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Coach as Facilitator, by Cathy Bolger
"It's not the answer that enlightens, it is the question."Socratic methodThe word coaching is used in many contexts. For example, there are athletic coaches, life coaches, and executive coaches. Often, managers are being asked to coach employees.
Many coaches are tempted to give quick advice. It is often easier to tell coachees what to think and what to do. According to the authors of Crucial Confrontations, "We don't even think about it. We're experienced and we understand how things work. It's positively Pavlovian. We see a problem and 'bing' the gate is up and our tongues are off and running."
Sometimes providing an answer is entirely appropriate, especially if time frames are very short and a situation has high priority. However, giving answers and advice can actually get in the way of effective coachee development. Indeed, many managers may see their jobs as "telling" the people who report what and how to do something.
So when I was asked to design a coaching training for one of my clients I wanted to learn their definition of coaching. I was surprised to find that they used the terms "coaching" and "mentoring" interchangeably.
After discussions, my client asked me to emphasize a facilitative approach to coaching. I started looking for resources, and that lead me to three books: Coaching Training by Chris Chen, Coaching for Performance by John Whitmore and Co-Active Coaching by Laura Whitworth et al.
In the Coaching Training book, Chen presents four facets of coaching: coach as guide, coach as motivator, coach as teacher, and coach as mentor. This gave me the idea of presenting three facets of coaching: coach as instructor, coach as facilitator, and coach as mentor.
This model was useful to the trainees. Since their organization was moving in the direction of coach-as-facilitator, I particularly emphasized that approach. I also emphasized the importance, given differing situations, of being able to move fluidly among coaching approaches.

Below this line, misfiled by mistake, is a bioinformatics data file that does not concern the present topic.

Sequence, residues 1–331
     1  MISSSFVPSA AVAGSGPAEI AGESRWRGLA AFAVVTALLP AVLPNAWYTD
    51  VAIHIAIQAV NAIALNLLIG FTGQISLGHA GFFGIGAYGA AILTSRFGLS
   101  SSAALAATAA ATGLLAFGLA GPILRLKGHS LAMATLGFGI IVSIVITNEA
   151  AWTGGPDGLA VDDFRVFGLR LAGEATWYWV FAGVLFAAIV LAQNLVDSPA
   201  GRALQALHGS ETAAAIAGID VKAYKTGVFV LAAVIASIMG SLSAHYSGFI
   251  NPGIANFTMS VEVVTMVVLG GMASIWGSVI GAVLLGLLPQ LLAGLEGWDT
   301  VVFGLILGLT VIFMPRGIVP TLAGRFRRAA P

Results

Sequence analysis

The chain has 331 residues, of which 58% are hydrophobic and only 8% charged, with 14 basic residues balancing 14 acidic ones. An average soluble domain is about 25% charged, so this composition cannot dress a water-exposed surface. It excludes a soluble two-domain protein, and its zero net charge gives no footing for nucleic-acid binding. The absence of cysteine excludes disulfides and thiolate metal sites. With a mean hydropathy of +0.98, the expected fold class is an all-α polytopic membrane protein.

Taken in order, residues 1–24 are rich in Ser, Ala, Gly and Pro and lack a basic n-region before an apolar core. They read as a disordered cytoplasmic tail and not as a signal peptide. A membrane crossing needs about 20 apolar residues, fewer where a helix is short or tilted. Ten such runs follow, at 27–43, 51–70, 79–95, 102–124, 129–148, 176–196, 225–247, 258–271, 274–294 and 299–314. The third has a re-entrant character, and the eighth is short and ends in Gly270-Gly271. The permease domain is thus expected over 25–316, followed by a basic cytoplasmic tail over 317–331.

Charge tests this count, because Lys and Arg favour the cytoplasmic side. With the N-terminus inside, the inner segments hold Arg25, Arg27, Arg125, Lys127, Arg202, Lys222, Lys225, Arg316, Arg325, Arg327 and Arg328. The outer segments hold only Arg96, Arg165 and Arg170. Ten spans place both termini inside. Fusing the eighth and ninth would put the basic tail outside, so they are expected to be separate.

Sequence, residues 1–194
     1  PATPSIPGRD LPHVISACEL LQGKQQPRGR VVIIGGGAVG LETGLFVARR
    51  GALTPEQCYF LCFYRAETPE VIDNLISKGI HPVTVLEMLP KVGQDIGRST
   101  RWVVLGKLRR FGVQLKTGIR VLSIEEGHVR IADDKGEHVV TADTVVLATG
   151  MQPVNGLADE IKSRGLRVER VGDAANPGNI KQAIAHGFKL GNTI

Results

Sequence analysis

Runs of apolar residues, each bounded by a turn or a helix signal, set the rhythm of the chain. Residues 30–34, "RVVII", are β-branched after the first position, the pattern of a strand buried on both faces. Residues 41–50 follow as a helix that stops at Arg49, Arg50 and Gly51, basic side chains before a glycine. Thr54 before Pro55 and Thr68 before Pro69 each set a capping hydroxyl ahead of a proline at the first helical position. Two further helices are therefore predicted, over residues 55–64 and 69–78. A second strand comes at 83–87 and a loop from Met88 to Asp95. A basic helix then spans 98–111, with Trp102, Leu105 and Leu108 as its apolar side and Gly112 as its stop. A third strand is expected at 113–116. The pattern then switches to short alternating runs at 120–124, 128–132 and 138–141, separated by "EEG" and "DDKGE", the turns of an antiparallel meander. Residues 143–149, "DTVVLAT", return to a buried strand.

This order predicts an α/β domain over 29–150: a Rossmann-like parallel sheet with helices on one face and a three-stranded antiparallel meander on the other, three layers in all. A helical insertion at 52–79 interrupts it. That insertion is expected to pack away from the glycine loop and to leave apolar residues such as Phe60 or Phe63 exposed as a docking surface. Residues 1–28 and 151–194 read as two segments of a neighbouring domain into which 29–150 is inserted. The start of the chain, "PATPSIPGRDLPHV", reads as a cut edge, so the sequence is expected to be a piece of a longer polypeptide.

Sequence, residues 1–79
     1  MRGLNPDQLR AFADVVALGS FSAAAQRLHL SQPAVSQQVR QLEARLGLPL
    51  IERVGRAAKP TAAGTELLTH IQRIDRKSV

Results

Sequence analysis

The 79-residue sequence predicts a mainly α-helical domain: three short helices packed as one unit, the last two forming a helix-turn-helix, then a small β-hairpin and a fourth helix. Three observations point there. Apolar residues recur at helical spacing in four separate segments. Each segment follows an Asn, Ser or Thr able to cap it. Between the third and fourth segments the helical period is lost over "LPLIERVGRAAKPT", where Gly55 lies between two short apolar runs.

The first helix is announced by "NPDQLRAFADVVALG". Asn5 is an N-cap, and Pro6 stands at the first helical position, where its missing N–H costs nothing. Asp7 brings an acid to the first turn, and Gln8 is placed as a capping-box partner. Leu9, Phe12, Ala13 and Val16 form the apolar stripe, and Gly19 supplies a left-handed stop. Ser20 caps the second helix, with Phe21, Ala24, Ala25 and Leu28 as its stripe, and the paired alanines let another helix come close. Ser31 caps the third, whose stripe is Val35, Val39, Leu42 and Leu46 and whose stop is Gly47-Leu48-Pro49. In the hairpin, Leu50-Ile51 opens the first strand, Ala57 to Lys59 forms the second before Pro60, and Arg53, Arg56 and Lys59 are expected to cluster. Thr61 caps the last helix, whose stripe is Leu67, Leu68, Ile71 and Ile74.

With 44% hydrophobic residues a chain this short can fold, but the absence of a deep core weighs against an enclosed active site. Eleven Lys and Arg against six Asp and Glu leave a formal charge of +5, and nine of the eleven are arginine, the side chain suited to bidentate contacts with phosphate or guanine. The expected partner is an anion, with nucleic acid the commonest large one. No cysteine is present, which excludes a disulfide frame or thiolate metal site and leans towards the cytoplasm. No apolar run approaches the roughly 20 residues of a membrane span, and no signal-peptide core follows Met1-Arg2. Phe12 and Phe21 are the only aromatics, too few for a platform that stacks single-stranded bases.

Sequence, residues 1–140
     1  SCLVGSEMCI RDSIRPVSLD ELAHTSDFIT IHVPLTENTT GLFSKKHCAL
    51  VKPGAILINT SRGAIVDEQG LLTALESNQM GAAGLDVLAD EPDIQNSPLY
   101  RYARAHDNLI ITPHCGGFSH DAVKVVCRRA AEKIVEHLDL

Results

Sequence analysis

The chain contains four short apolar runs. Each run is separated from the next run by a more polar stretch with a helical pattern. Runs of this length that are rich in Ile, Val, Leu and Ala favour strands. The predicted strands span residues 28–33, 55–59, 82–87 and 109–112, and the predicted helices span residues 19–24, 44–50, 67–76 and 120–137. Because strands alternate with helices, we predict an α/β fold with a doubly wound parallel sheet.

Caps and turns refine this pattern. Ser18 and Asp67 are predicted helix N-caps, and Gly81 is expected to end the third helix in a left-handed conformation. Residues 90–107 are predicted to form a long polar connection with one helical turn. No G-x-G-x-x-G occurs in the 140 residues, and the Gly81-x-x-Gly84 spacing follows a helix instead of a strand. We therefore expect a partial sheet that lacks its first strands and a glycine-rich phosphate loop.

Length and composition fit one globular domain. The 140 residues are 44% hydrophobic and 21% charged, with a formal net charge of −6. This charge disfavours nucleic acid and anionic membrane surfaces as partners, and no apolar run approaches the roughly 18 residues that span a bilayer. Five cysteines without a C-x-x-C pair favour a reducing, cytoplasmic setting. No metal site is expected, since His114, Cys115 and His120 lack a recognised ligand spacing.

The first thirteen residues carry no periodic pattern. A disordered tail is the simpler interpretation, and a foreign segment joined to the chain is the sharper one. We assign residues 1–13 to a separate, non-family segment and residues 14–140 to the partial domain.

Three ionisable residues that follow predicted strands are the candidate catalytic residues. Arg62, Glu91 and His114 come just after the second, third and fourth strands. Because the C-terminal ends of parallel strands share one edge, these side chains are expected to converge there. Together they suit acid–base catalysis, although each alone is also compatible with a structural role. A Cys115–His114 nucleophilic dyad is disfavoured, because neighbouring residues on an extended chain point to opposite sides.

As with all approaches to coaching, the trainees needed review and practice of the following skills: open-ended questions, clarifying, paraphrasing, reflecting feelings and summarizing. In addition, it was valuable to have trainees practice separating facts from interpretations, and how to set goals that are specific and measurable. It was also useful to review the impact of non-verbal communication, including body language and voice tone in a coaching session.
I found it helpful to clarify the assumptions behind the coach-as-facilitator approach. Facilitative coaching is a process based on allowing coachees to come to their own conclusions and solutions.
One assumption is that the answer lies within the coachee. According to John Whitmore, who writes in his book Coaching for Performance, "The coachee does acquire the facts, not from the coach, but within himself, stimulated by the coach." The coach thus encourages coachees to work from their own experiences and perceptions.
In order to avoid too quickly offering ideas or advice, I encourage coaches to slowly count to eight, and then either paraphrase the question, or ask "what else?"
The model I chose to use in my training is from Coaching for Performance, by John Whitmore. There are four steps, spelling out GROW: Goal (of the session), Reality (currently happening), Options (in the coaches view), Will (action coachee will take).
Here are some questions a coach might ask:
Chen, Chris W. Coaching Training. ASTD Press, 2003.
Cathy Bolger is a San Diego-based consultant specializing in Executive Coaching, Presentation, Meeting and Conflict Management skills. She can be reached at 619-294-2511 or Cathy@CathyBolger.com.
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